It’s been a strange night. The 2017 General Election has resulted in a hung parliament, the worst possible scenario for the Conservatives. Who would have thought it just seven weeks ago, when the election was called on the back of a Tory landslide in the polls?
Our ‘Strong and Stable’ leader has been forced to make yet another tough decision, that of deciding just how to form a government with this quite embarrassing result. At the declaration of her seat of Maidenhead, Theresa May’s ashen face and shaken demeanour was the manifestation of her failed campaign, and now, with the Tories depending on what seems like an informal arrangement with the Democratic Unionist Party, this election was one no one could predict.
The night was rife with shocking results. Both Labour and the Tories made gains in swing seats, but Labour emerged with an overall increase, up to 262 seats from 232 in 2015. Former Deputy Prime Minister Nick Clegg lost his seat of Sheffield Hallam to Labour; senior SNP MPs Alex Salmond and Angus Robertson lost their seats; Labour gained the historic Tory seat of Canterbury and the crucial swing seat of Enfield Southgate; and Zac Goldsmith retook Richmond Park, a seat Liberal Democrat Sarah Olney won in a by-election only last December. In safer seats, Labour increased their shares of the vote, hinting to a return of the two-party system.
What would a Conservative alliance with the DUP mean for the next five years, however informal a form it may take?
The main impact of a Tory-DUP alliance seems to be in the Brexit negotiations. Considering that this election was initially dubbed the ‘Brexit Election’, its main objective being to increase Theresa May’s mandate going forward with negotiations, her hard-line policy on Europe may be forced to change. Indeed, the DUP are against any form of Hard Brexit deal. It is worth remembering that Northern Ireland voted to Remain in the EU, with 55.8%. While the DUP backed Brexit, the party rejects the prospect of a hard border with the Republic of Ireland, which would jeopardise Northern Irish relations with the South. Overall, Brexit seems to be even more complex than anyone could have thought.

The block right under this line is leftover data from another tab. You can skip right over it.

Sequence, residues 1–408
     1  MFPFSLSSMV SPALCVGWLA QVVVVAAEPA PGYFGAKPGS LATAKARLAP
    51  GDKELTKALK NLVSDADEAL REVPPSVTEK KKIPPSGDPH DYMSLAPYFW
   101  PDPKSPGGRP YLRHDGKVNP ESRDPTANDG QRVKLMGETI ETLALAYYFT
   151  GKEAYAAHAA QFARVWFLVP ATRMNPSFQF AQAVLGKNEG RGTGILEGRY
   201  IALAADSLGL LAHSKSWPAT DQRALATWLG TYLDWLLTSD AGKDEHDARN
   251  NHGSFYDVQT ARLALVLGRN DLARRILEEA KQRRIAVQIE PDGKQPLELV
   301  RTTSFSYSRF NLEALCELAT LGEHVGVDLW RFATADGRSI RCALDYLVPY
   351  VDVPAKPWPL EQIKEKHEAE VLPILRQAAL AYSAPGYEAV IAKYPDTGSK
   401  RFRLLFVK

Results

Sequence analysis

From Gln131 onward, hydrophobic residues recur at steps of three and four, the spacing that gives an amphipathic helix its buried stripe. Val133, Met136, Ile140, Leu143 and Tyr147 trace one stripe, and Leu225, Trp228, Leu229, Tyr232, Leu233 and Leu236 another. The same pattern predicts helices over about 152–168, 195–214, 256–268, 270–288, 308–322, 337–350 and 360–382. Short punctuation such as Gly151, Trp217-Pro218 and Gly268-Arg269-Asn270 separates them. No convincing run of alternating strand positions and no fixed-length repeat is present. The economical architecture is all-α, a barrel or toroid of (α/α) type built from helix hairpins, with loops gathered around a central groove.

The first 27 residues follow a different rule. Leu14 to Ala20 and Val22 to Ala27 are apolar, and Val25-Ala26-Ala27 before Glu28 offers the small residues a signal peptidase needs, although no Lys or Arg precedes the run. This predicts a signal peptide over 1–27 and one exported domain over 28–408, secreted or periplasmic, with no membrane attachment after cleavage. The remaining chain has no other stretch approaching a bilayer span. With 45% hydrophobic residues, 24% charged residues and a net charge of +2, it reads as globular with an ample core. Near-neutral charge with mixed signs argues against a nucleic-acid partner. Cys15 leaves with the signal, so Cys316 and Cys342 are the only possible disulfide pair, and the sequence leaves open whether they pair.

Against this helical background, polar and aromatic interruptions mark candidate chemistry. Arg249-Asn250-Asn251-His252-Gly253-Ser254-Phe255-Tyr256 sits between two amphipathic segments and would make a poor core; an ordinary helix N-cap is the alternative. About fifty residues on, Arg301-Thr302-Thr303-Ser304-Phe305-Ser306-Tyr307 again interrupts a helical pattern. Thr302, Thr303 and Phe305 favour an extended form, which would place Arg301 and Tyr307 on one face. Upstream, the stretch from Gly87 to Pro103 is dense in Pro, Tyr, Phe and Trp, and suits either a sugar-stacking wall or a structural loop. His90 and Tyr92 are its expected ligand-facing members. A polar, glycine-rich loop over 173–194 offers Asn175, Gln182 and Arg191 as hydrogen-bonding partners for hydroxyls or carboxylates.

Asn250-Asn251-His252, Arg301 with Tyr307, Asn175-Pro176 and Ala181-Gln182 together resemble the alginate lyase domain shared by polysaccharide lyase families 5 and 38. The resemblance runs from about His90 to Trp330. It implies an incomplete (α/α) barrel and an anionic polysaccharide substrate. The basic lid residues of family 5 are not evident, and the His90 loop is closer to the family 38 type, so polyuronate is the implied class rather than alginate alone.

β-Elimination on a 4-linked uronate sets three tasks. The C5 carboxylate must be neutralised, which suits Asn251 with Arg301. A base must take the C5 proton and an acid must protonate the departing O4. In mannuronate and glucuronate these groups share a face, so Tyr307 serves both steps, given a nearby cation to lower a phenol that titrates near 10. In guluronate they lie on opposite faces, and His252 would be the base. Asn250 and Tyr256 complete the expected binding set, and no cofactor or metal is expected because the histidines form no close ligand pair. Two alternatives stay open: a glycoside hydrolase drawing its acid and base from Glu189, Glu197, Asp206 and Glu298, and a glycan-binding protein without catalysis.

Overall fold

No election can be a single-issue competition, and Brexit was not the decisive factor through the campaigns. If this were the case, places with the lowest percentage of Leave votes would have swung significantly towards the Lib Dems. The Labour campaign focused on welfare and the impact of Tory cuts to public services, promising to invest in the economy and the public sector. In this sense, this election could not be further from the ‘Brexit Election’. In Scotland, the concern about a second independence referendum was significant in understanding the SNP’s 24-seat loss.
Keeping this in mind, it is important to look at the DUP’s social policies. The DUP has consistently voted against extending abortion rights to Northern Ireland, and has rejected same-sex marriage and broader LGBTQ+ rights. And with historic links to terror organisations during the Troubles, the question is whether an election that failed to result in an overall Conservative majority should have such a socially right-wing conclusion. Further, will Theresa May will be able to rule a minority government for the next five years? What seems likely is that the Tories will not be able to pass some of their manifesto promises in government.
So, Theresa May is still our Prime Minister, the Brexit negotiations begin in just over a week, and the Tories had a disastrous campaign. The youth turnout is too great to be ignored, and British politics looks increasingly unstable.
Much else, this far, is unclear.
Words by Caitlin O’Connor